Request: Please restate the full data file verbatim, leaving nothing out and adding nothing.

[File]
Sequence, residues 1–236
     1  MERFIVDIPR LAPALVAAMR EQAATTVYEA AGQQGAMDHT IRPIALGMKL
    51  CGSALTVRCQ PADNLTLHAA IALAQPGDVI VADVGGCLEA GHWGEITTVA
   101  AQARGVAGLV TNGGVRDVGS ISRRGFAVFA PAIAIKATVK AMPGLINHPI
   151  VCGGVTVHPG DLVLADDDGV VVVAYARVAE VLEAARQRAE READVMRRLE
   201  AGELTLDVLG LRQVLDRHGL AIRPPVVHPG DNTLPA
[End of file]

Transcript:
Sequence, residues 1–236
     1  MERFIVDIPR LAPALVAAMR EQAATTVYEA AGQQGAMDHT IRPIALGMKL
    51  CGSALTVRCQ PADNLTLHAA IALAQPGDVI VADVGGCLEA GHWGEITTVA
   101  AQARGVAGLV TNGGVRDVGS ISRRGFAVFA PAIAIKATVK AMPGLINHPI
   151  VCGGVTVHPG DLVLADDDGV VVVAYARVAE VLEAARQRAE READVMRRLE
   201  AGELTLDVLG LRQVLDRHGL AIRPPVVHPG DNTLPA